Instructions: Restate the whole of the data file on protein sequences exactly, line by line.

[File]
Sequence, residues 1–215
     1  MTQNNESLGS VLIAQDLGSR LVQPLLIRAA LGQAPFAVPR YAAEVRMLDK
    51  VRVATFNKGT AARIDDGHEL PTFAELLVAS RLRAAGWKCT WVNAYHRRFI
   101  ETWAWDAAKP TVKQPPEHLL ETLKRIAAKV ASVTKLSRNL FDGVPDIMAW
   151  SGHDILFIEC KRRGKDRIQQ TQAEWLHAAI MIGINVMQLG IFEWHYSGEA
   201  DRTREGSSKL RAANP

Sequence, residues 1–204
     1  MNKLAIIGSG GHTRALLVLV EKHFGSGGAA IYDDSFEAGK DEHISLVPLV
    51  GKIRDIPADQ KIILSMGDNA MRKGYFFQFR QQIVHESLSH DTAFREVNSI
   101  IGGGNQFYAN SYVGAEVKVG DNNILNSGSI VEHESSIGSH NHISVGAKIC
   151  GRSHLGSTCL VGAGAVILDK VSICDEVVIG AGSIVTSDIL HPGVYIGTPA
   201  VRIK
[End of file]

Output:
Sequence, residues 1–215
     1  MTQNNESLGS VLIAQDLGSR LVQPLLIRAA LGQAPFAVPR YAAEVRMLDK
    51  VRVATFNKGT AARIDDGHEL PTFAELLVAS RLRAAGWKCT WVNAYHRRFI
   101  ETWAWDAAKP TVKQPPEHLL ETLKRIAAKV ASVTKLSRNL FDGVPDIMAW
   151  SGHDILFIEC KRRGKDRIQQ TQAEWLHAAI MIGINVMQLG IFEWHYSGEA
   201  DRTREGSSKL RAANP

Sequence, residues 1–204
     1  MNKLAIIGSG GHTRALLVLV EKHFGSGGAA IYDDSFEAGK DEHISLVPLV
    51  GKIRDIPADQ KIILSMGDNA MRKGYFFQFR QQIVHESLSH DTAFREVNSI
   101  IGGGNQFYAN SYVGAEVKVG DNNILNSGSI VEHESSIGSH NHISVGAKIC
   151  GRSHLGSTCL VGAGAVILDK VSICDEVVIG AGSIVTSDIL HPGVYIGTPA
   201  VRIK